Cliff Notes

The Na Pali Coast never disappoints

By: Dawna Robertson


Snorkeling tours include instruction with gear, beverages and breakfast/lunch or dinner. Most operators offer the same basic excursions. Below is a sampling of the variety.

Blue Dolphin Charters
877-511-1311, 808-335-5553

Capt. Andy’s Sailing Adventures
800-535-0830, 808-335-6833

Catamaran Kahanu
888-213-7711, 808-645-6176

Deluxe Na Pali Coast Tour
5½ hours. Adults, $139; scuba diver, $35
additional; children 2 to 11, $99
from 15 percent

Holo Holo Charters
800-848-6130, 808-335-0815

Kauai Sea Tours
800-733-7997, 808-826-7254

Makana Charters
888-335-6137, 808-335-6137

Morning & Afternoon Na Pali Coast Tours
5 hours. Adults, $129, children 4 to 12, $99
Commission: 10 percent

Morning Na Pali Coast Tour
5 hours, Departs Port Allen
Adults, $135; children 4 to 11, $85
Commission: 10-15 percent

Na Pali and Niihau Super Tour
7 hours. Adults, $175; children 6 to 12, $125
Commission: 20 percent

Na Pali Sunset Dinner Cruise
4 hours, Departs Port Allen
Adults, $105; children 2 to 12, $80
Commission: 15 percent

Nualolo Kai Combo Day Tour
6½ hours, includes beach landing at Nualolo
Kai with cultural walking tour.
Adults, $159; children 5 to 12, $125
Commission: 15 percent


Kauai’s Na Pali Coast provides a stunning backdrop for boat tours // (c) 2007

On a recent visit to Kauai, deciding to cruise the magnificent Na Pali Coast was a no-brainer for me. Yet, I wondered how this experience could top my last, when dolphins were spinning in sync, sea turtles surfaced in curiosity and flying fish skimmed the surf — each performing aquatic acts with majestic cliffs and deeply etched valleys as a stunning backdrop.

I was certain nothing could outshine that show. As a pleasant surprise so typical in Hawaii, Mother Nature proved me wrong.

Few who have witnessed Kauai’s Na Pali Coast — on the northwestern side of the island — can deny that this remote, pristine area is one of the most breathtaking in the Hawaiian chain. Operators have tweaked their itineraries and fleets to accommodate a range of adventure-lovers, from thrill-seeking souls wanting it wet and wild to those preferring to soak up the splendor in spacious comfort.

I fell into the latter category this time around. Trading more intimate, close-up action aboard the Zodiac rafts of companies like Na Pali Riders and Na Pali Explorer, I opted for a larger catamaran with a marine “head,” post-snorkeling shower and shaded cabin.

The waters off the Na Pali Coast are home to a variety of sea life // (c) 2007It’s a trade-off, as the Zodiacs (conditions allowing) are permitted for landing at secluded beaches and for hiking into the ancient Nualolo Kai archaeological village, an approach that definitely has eco-appeal.

So on this glorious late-spring morning, I boarded a catamaran for Blue Dolphin Charter’s Deluxe Na Pali Coast Tour. Blue Dolphin is among a half-dozen operators at Port Allen, a small south-shore harbor with pleasant shops geared to visitors. Most Zodiacs head out from Waimea’s Kikiaola Harbor, to the west.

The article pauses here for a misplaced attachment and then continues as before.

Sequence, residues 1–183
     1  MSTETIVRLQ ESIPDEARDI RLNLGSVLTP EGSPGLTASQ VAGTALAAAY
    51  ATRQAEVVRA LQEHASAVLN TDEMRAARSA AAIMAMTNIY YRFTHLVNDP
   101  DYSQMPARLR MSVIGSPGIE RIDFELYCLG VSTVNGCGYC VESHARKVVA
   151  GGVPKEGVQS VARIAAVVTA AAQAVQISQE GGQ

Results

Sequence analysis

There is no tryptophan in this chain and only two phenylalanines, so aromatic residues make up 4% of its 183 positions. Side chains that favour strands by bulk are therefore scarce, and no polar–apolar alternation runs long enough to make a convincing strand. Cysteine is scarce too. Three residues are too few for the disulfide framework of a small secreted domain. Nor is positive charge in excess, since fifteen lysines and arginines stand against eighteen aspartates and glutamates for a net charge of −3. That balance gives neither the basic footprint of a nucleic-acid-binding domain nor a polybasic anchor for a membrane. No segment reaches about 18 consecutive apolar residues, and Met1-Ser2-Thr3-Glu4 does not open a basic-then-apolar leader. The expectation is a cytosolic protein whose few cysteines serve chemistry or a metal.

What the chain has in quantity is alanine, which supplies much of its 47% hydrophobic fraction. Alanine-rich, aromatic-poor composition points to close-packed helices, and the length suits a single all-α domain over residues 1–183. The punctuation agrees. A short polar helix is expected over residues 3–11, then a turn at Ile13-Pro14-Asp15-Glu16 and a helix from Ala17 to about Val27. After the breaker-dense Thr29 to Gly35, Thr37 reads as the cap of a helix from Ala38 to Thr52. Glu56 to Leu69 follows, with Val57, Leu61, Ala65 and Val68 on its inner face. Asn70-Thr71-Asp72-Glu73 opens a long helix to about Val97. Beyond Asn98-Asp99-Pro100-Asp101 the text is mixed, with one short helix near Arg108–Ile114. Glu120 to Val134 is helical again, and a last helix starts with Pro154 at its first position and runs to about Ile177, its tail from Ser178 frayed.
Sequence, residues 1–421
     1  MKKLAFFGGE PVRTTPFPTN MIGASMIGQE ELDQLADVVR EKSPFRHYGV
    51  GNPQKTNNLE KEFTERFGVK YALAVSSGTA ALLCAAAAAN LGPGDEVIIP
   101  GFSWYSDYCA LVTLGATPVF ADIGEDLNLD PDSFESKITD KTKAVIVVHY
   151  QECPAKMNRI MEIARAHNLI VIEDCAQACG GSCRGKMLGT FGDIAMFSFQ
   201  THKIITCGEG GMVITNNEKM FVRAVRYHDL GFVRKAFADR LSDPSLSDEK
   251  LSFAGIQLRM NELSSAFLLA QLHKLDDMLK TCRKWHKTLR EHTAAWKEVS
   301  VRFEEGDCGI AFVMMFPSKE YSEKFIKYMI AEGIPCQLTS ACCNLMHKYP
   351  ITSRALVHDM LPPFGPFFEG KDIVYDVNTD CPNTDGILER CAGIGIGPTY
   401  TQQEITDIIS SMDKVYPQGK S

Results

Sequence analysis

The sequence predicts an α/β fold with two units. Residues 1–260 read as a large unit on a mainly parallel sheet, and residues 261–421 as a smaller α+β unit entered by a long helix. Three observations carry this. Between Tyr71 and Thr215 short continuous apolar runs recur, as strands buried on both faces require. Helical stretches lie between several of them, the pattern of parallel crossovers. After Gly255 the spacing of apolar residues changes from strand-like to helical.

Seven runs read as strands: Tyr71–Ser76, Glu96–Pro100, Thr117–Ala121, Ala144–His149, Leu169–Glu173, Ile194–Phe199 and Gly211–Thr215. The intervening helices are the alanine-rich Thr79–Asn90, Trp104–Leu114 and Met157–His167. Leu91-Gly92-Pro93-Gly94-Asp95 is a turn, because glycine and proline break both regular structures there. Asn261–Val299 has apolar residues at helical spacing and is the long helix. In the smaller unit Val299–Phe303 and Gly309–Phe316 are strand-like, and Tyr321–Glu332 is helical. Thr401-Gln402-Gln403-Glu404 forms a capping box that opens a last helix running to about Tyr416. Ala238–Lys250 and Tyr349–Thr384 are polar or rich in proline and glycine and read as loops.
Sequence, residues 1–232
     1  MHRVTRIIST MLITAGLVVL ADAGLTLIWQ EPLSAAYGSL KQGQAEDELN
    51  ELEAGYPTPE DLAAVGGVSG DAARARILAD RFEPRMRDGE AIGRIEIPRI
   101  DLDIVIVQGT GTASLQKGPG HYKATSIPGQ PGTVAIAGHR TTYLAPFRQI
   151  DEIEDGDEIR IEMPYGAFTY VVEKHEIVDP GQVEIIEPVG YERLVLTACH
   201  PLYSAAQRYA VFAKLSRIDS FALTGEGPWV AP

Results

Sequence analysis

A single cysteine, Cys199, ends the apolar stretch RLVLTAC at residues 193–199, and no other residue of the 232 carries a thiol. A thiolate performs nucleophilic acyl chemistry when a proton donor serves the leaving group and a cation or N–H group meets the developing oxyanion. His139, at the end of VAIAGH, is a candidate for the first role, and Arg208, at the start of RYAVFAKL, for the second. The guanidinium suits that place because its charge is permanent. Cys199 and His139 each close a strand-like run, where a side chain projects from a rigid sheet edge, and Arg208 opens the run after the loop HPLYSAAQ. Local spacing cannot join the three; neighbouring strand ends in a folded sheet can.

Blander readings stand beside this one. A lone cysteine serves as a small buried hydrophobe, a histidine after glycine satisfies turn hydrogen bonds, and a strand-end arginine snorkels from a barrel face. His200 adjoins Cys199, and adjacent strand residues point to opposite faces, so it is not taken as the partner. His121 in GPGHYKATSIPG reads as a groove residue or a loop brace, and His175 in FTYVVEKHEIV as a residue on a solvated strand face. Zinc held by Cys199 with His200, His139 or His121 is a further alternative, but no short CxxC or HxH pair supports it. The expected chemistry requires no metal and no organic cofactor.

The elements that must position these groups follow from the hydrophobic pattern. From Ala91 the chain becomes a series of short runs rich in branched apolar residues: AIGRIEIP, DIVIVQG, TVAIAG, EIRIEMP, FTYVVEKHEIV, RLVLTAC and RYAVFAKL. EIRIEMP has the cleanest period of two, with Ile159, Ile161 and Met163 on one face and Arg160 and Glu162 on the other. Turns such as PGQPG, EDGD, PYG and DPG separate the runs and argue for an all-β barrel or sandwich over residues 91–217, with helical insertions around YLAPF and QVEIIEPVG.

Captain Roy Shepard and crew made our trip aboard the 63-foot craft a pleasure on every level. Comfort is key, as the vessel is Coast Guard certified to haul over 100 passengers. But Blue Dolphin never takes more than 49 passengers along the 15-mile stretch of rugged coastline, as tends to be the case with all the larger cats since the 6,175-acre area is a designated state park. This meant we were able to spread out on the dual-decked vessel.

Our well-informed navigator filled us in on Na Pali’s historical significance and explained how Hawaiians had named it for its jagged 3,500-foot pinnacles.

“Over hundreds of years, Polynesians, and eventually the Tahitians, migrated to Na Pali by canoe, bringing influences that became the basis of Hawaiian culture,” Captain Roy said.

Residents of each valley honed in on a specific skill — whether it was hunting, fishing or farming taro, breadfruit or sweet potatoes — rather than going broad-based. What upped the adrenaline on this special day wasn’t so much what we saw — it was how much we saw. We stumbled into a spinner dolphin fest, with pod upon pod surfing at the bow of our cat. Sea turtles joined in the action, with the flying fish out in full force as well. But it was a late-season whale spouting on the horizon that put the icing on the cake.

“The whales are staying around late this year,” said Shepard.

And, since the ocean was somewhat mellow, it was easy to spot the spouts. The conditions also allowed us to travel up close to the cliffs to view Na Pali’s sea caves, lava tubes, waterfalls and legendary white-sand beaches.

After dropping anchor for snorkeling and a hearty buffet-style lunch, we headed back to Port Allen — escorted, naturally, by a swarm of spinners.

On this day of aquatic overload, I knew I’d witnessed something remarkable. While it’s hard to imagine how another Na Pali experience could be any better, I’m certain I’ll be pleasantly surprised again.


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